Read an Excerpt
Put A Lid On It
By Donald E. Westlake
Warner Books Copyright © 2002 Donald E. Westlake
All right reserved.
Chapter One The eleventh day Meehan was in the MCC, the barbers came around to 9 South; two barbers, a white one for the white inmates, a black one for the rest. Each dragged a chair behind himself, with a guard following, and they set up in opposite triangles of the communal room, which was shaped like a six-pointed star, the cells outside that, in two facing lines in sword hilts sunk into five of the star's crotches: the exit to the concrete room where the elevators came was at the sixth.
So that was another difference from state or county jugs; no separate room for the barbers to ply their trade. After eleven days, Meehan was thinking he might write a monograph on the subject, was already writing it in his head. Never put anything on paper in stir: that was one of the ten thousand rules.
Of course, the primary difference between the Manhattan Correctional Center, which was where bail-less federal prisoners in the borough of Manhattan, city and state of New York, waited before and during their trials, was the attitude of the guards. The guards thought the prisoners were animals, of course, as usual, and treated them as such. But in this place the guards thought they themselves were not animals; that was the difference.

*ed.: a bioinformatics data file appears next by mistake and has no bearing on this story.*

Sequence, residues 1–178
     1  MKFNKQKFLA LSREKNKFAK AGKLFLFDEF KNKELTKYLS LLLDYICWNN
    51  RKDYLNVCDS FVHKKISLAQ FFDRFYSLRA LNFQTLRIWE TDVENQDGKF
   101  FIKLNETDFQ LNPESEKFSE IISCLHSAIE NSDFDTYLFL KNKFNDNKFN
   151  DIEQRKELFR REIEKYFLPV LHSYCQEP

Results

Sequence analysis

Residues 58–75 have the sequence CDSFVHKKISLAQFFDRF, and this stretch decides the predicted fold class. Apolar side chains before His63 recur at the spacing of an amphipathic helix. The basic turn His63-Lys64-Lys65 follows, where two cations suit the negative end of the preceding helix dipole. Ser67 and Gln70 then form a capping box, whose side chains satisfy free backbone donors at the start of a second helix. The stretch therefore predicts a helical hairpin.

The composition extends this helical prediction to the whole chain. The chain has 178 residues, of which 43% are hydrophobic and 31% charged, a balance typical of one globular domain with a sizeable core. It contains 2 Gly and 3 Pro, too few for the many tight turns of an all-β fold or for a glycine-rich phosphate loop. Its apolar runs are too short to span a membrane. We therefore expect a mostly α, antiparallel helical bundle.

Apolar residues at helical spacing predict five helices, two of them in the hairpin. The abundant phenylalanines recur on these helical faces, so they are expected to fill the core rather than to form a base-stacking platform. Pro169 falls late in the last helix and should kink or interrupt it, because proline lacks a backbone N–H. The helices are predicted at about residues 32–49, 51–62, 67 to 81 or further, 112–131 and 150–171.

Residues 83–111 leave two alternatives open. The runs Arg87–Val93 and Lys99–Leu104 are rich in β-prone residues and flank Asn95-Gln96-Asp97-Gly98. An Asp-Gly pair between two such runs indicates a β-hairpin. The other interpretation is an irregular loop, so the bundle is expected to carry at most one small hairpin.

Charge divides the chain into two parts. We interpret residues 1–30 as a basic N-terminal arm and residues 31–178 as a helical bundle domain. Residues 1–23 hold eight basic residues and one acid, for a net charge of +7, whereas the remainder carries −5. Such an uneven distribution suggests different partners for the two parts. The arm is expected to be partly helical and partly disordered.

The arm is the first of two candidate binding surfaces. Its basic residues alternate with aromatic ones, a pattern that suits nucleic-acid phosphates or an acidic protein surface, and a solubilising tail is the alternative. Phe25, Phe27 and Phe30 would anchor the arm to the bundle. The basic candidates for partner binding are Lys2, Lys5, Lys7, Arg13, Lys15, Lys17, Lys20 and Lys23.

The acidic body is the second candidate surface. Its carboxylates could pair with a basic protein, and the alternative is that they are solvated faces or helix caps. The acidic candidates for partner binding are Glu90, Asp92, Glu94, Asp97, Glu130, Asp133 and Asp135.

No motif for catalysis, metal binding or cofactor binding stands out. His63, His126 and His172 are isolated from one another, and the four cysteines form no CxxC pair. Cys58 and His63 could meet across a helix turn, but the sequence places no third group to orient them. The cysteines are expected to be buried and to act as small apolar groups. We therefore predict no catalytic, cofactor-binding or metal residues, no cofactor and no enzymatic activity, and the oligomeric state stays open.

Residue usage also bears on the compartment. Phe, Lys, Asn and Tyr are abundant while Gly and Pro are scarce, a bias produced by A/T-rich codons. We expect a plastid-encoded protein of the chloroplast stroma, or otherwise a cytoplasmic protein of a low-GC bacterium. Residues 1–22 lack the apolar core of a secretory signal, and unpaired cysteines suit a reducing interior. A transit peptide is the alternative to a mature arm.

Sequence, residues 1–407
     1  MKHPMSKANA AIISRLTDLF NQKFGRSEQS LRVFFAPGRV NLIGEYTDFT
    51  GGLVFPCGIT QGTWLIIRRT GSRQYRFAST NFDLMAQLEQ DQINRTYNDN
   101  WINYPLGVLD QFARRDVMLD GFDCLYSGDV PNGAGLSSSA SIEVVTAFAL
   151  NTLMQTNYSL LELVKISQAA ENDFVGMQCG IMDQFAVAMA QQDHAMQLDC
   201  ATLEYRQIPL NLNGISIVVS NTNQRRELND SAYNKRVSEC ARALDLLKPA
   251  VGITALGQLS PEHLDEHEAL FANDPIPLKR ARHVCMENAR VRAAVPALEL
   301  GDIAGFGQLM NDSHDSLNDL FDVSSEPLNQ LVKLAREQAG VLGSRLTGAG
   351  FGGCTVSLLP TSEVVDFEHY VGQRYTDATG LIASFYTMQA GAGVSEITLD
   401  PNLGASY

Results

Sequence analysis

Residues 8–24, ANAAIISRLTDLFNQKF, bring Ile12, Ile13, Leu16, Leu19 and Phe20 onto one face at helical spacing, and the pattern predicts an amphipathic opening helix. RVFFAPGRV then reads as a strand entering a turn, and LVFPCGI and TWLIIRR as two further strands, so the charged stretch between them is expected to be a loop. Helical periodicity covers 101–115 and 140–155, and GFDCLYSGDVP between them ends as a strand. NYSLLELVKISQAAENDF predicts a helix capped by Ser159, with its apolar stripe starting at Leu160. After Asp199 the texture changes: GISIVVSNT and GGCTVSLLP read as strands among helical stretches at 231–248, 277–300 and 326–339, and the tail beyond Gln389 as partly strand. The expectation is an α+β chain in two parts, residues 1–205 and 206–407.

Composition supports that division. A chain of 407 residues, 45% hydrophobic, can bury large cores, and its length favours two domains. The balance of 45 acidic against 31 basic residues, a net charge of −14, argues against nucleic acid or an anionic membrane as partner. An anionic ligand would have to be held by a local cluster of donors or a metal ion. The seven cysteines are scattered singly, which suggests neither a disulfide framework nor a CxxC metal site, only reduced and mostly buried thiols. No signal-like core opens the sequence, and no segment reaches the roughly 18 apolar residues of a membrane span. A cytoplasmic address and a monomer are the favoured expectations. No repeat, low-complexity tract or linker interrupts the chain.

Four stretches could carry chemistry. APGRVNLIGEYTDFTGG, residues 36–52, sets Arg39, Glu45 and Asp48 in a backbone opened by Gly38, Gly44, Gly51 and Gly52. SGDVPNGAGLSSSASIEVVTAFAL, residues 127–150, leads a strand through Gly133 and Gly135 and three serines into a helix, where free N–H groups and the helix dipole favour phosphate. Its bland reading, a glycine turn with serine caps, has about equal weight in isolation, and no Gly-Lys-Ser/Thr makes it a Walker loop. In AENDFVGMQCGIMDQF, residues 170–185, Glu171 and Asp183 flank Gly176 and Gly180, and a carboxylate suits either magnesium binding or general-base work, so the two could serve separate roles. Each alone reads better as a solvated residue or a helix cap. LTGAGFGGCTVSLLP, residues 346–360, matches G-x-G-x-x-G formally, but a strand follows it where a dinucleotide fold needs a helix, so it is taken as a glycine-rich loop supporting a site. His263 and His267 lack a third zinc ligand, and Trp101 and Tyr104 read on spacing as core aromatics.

You get into a state pen, any state pen in the country-well, any state Meehan had been a guest in, and he felt he could extrapolate-and there was a real sense of everybody being stinking fetid swine shoveled into this shithole together, inmates and staff alike. There was something, Meehan realized, now that he was missing it, strangely comforting about that, about guards who, with every breath they took, with every ooze from their pores, said, "You're a piece of shit and so am I, so you got no reason to expect anything but the worst from me if you irritate my ass." These guards here, in the MCC, they buttoned all their shirt buttons. What were they, fucking Mormons?
Meehan had never been held on a federal charge before, and he didn't like it. He didn't like how inhuman the feds were, how unemotional, how you could never get around the Book to the man. Never get around the Book. They were like a place where the speed limit's 55, and they enforce 55. Everybody knows you enforce 70.
Shit. From now on, Meehan promised himself, no more federal crimes.
And this one was a wuss, this one was so lame. Him and three guys, whose names he would no longer remember, had a little hijack thing, off a truckstop, Interstate 84, upstate fifty miles north of the city, there was no way to know that truck held registered mail. Not a post office truck, a private carrier, no special notices on it at all. The truck Meehan and his former allies wanted, from the same carrier, was full of computer shit from Mexico. Meehan wasn't looking forward to making that plea to some jury.
But in the meantime, for who knows how long, here he was in the MCC, downtown Manhattan, convenient to the federal courts, thinking about his monograph on the differences between federal and non-federal pounds.